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The Chocolate Cake With Excessively Thick Icing

  • Two 9 inch cake tins with removable bases
  • 2 circles of greaseproof paper the size of your baking tins' bases
  • A large pan of water and a smaller pan (feel free to use a double boiler instead if you own one)
  • At least two mixing bowls
  • Scales
  • Sieve
  • Spatula
  • Whisk (normal or electric, a hand cranked one won't work!)
  • Cooling Rack

Ingredients (Sponge)
  • 250g Margarine or Butter (suitable for baking)
  • 200g Plain flour
  • 50g Cocoa Powder
  • 250g Caster Sugar
  • 4 tsp. Baking Powder/Soda
  • 4 eggs
  • 2 tbsp. hot water

Ingredients (icing)
  • 125g Butter or Margarine (only solid butter will do, no spreads or shortenings)
  • 50-100g of cocoa powder (to taste)
  • 50-100g icing sugar or white caster sugar (to taste)
  • Boiling Water
  • 156ml whipping cream
  • 200g Dark Chocolate


  1. Preheat the oven to 180 degrees C.
  2. Grease the tins and place the greaseproof paper on the base of each.
  3. Chop up the butter or margarine (for the sponge) and place it in a bowl.
  4. Add the sugar and mash it all together with a fork or spoon. You should end up with a creamy consistency.
  5. Use the sieve to sift the flour, baking powder and cocoa powder into another bowl.
  6. Beat in the eggs into the sugar and butter mixture one by one. Add a little of the flour with the last.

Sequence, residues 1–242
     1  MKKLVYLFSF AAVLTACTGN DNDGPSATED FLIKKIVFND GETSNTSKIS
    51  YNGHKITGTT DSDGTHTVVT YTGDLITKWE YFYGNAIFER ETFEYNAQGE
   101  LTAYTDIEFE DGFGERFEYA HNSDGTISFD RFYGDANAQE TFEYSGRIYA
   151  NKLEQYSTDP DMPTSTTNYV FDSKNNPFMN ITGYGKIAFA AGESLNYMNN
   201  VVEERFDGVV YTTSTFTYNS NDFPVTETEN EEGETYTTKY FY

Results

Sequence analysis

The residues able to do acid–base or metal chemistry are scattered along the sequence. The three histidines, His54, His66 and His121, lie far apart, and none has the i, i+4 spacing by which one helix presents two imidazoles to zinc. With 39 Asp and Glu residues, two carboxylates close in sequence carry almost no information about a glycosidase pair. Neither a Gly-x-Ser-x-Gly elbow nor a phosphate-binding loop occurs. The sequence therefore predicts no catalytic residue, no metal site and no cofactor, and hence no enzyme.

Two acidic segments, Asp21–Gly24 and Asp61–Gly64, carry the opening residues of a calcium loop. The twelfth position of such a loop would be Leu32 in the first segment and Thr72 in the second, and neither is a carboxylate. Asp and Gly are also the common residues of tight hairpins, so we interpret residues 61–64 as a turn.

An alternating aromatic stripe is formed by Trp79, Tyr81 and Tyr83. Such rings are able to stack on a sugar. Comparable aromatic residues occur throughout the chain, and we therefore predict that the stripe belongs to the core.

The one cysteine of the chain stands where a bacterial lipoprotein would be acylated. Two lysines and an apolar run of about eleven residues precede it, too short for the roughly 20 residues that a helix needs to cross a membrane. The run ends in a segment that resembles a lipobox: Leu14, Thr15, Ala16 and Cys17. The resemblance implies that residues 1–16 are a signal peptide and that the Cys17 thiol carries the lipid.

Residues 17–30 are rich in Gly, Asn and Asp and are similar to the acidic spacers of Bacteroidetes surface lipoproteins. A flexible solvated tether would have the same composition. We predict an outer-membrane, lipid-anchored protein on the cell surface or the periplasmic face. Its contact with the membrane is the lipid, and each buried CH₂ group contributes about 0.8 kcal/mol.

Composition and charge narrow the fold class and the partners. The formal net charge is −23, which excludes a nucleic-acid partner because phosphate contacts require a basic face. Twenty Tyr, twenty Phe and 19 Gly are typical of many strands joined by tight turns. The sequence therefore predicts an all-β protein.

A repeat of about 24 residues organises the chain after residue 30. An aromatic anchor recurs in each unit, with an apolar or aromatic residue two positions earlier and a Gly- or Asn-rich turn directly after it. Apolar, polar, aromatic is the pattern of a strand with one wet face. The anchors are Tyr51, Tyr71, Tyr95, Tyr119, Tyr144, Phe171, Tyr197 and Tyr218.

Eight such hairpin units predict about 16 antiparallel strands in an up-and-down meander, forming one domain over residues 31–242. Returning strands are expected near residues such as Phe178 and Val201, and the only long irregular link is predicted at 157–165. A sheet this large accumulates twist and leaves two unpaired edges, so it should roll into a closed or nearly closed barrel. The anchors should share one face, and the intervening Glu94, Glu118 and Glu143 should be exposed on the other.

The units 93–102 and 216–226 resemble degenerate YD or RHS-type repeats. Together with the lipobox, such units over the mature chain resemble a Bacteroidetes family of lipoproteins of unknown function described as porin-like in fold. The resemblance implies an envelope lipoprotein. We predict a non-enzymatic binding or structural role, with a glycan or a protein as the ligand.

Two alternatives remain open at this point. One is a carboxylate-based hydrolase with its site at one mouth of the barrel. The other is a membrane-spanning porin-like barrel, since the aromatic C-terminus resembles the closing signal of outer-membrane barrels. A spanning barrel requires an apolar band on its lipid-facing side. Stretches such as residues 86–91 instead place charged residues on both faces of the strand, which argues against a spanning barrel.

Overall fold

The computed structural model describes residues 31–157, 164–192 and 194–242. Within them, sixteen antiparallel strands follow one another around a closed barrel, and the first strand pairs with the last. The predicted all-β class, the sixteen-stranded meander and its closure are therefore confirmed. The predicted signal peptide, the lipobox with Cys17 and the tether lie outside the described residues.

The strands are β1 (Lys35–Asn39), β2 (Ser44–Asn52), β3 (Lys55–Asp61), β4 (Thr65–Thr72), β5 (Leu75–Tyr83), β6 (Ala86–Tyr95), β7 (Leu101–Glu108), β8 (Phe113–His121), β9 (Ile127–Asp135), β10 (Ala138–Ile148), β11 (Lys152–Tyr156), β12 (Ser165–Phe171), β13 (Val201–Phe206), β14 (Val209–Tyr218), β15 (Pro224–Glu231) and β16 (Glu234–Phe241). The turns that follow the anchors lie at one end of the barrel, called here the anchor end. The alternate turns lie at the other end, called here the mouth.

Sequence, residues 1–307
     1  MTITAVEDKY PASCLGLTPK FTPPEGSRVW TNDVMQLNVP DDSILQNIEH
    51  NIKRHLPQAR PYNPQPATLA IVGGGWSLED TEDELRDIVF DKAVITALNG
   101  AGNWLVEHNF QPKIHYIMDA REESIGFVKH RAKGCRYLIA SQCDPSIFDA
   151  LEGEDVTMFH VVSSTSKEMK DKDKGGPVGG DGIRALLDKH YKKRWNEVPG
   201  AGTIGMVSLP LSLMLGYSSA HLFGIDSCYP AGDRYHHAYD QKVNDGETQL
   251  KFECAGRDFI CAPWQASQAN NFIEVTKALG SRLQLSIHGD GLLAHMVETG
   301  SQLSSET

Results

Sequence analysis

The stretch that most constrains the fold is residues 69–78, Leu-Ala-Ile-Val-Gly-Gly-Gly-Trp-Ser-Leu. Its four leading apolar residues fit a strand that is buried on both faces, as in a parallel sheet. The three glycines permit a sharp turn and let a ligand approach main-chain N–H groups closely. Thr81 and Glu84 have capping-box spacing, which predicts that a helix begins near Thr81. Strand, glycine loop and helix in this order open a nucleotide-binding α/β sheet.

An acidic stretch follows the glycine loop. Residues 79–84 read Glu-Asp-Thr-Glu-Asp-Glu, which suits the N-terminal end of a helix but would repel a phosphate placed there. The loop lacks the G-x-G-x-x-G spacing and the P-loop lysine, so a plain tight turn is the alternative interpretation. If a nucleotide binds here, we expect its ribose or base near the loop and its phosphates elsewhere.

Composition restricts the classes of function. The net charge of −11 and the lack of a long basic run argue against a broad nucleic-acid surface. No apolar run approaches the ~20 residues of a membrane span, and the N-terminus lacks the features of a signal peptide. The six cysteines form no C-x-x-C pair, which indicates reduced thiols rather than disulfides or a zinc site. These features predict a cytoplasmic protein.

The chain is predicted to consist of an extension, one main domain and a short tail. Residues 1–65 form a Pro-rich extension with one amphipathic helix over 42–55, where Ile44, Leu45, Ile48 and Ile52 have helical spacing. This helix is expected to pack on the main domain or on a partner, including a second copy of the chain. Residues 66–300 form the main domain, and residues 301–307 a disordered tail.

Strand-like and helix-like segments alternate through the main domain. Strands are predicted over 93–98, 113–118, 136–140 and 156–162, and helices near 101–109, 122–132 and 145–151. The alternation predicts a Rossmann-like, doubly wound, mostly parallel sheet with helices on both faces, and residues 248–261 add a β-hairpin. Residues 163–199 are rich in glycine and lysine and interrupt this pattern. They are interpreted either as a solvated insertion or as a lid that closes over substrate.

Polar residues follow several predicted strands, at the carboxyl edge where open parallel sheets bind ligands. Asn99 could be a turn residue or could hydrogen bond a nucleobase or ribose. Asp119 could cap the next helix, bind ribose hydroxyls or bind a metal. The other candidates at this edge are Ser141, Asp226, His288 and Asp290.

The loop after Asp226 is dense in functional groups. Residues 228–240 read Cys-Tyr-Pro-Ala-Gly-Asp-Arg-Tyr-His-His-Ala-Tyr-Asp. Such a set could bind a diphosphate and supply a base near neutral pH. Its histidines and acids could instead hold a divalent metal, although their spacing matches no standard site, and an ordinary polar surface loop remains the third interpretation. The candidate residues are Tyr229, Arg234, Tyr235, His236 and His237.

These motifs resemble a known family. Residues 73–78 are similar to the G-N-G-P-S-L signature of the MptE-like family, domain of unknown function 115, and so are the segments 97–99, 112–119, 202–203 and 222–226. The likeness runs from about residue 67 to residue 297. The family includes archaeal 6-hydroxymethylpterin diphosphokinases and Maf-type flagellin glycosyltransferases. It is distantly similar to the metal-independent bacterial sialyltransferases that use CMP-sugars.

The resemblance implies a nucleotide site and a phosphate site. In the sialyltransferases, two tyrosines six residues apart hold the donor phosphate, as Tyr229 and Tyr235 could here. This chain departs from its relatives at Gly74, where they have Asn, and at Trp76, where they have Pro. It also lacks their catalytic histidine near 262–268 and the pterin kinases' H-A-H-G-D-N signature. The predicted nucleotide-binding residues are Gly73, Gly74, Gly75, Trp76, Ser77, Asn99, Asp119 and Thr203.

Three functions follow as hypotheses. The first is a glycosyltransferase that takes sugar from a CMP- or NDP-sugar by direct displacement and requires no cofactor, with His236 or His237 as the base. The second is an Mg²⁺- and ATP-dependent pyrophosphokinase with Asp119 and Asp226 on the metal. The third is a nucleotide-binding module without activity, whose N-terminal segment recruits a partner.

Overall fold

7. Whisk the egg mixture thoroughly until smooth and tip in the remaining flour. Stir it until it forms a cohesive mass.
  8. Add the hot water. Beat with the whisk until smooth.
  9. Separate the mixture evenly into each tin. Place them in the middle of the oven for 20-30 minutes (don't check on them for at least 20 minutes or you risk letting the sponge collapse before it's solidified). You'll know they're ready when a skewer stuck in the middle comes out completely clean (not even any greasy residue).
  10. While the sponge is cooking, you can get ready for the icing. Clean both bowls (or get some clean ones out to use).
  11. In one bowl place the butter (chopped up), and whatever your preferred amount of icing sugar and cocoa powder is. In another bowl place 2 tablespoons of cocoa  powder and one of icing or caster sugar. Measure out the cream while you're at it but leave it in the measuring jug for now.
  12. Mash the contents of the first bowl together thoroughly until you have a perfectly smooth paste.
  13. Begin heating the water in your large pan. Break up the dark chocolate and put it in the smaller one.
  14. Wait for the sponge to finish cooking (if they haven't already) and give them at least 15 minutes to cool on the rack after removing them from the pan and peeling off the paper.
  15. Put one of the sponge layers on a plate soft side (i.e. the side you removed the paper from) down.
  16. Spread the icing from the first bowl over the top and smooth it with the spatula. When it's spread over the top evenly, place the second layer on top of it. Transfer this to the fridge to chill it a bit while you prepare the final part of the icing...
  17. Melt the chocolate in the small pan by holding it over the pan of boiling water while stirring it. Try not to dip your finger in it and try some unless you've washed your hands.
  18. Put the liquid chocolate to one side for a moment (don't worry, it won't start freezing for a minute or two) and add two tablespoons of boiling water to the second bowl.
  19. Stir the contents of the bowl until the sugar and cocoa have dissolved to form a small, dark sludge. Now tip in the chocolate and stir or whisk the mixture until it's all dissolved.